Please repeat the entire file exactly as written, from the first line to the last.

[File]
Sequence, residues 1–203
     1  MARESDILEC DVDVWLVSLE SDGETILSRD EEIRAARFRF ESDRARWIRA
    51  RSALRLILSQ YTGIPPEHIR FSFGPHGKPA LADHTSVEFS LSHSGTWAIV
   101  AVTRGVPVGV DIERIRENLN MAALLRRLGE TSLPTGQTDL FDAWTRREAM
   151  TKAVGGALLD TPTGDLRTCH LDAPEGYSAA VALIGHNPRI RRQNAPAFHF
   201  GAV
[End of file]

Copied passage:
Sequence, residues 1–203
     1  MARESDILEC DVDVWLVSLE SDGETILSRD EEIRAARFRF ESDRARWIRA
    51  RSALRLILSQ YTGIPPEHIR FSFGPHGKPA LADHTSVEFS LSHSGTWAIV
   101  AVTRGVPVGV DIERIRENLN MAALLRRLGE TSLPTGQTDL FDAWTRREAM
   151  TKAVGGALLD TPTGDLRTCH LDAPEGYSAA VALIGHNPRI RRQNAPAFHF
   201  GAV